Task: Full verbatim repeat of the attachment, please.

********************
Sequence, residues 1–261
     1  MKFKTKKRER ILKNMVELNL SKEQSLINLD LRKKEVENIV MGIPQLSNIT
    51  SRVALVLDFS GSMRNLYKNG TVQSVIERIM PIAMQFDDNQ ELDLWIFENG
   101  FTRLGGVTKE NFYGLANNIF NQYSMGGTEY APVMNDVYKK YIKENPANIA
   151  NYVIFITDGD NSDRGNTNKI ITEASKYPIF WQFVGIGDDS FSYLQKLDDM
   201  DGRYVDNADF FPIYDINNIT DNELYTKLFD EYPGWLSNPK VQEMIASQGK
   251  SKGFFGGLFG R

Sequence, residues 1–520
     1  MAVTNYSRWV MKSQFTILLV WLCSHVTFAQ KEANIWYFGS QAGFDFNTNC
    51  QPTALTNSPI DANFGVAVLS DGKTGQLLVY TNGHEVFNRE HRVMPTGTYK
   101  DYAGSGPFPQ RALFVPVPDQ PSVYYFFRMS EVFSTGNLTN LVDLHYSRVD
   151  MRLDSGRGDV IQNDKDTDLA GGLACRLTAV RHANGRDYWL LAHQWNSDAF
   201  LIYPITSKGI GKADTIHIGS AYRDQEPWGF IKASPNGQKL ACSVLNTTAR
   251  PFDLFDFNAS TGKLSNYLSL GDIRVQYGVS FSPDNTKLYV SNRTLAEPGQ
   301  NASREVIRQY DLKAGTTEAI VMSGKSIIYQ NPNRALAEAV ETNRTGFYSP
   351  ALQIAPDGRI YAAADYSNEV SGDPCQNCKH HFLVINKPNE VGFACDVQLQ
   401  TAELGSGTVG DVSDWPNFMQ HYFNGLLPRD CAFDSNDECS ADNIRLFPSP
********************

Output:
Sequence, residues 1–261
     1  MKFKTKKRER ILKNMVELNL SKEQSLINLD LRKKEVENIV MGIPQLSNIT
    51  SRVALVLDFS GSMRNLYKNG TVQSVIERIM PIAMQFDDNQ ELDLWIFENG
   101  FTRLGGVTKE NFYGLANNIF NQYSMGGTEY APVMNDVYKK YIKENPANIA
   151  NYVIFITDGD NSDRGNTNKI ITEASKYPIF WQFVGIGDDS FSYLQKLDDM
   201  DGRYVDNADF FPIYDINNIT DNELYTKLFD EYPGWLSNPK VQEMIASQGK
   251  SKGFFGGLFG R

Sequence, residues 1–520
     1  MAVTNYSRWV MKSQFTILLV WLCSHVTFAQ KEANIWYFGS QAGFDFNTNC
    51  QPTALTNSPI DANFGVAVLS DGKTGQLLVY TNGHEVFNRE HRVMPTGTYK
   101  DYAGSGPFPQ RALFVPVPDQ PSVYYFFRMS EVFSTGNLTN LVDLHYSRVD
   151  MRLDSGRGDV IQNDKDTDLA GGLACRLTAV RHANGRDYWL LAHQWNSDAF
   201  LIYPITSKGI GKADTIHIGS AYRDQEPWGF IKASPNGQKL ACSVLNTTAR
   251  PFDLFDFNAS TGKLSNYLSL GDIRVQYGVS FSPDNTKLYV SNRTLAEPGQ
   301  NASREVIRQY DLKAGTTEAI VMSGKSIIYQ NPNRALAEAV ETNRTGFYSP
   351  ALQIAPDGRI YAAADYSNEV SGDPCQNCKH HFLVINKPNE VGFACDVQLQ
   401  TAELGSGTVG DVSDWPNFMQ HYFNGLLPRD CAFDSNDECS ADNIRLFPSP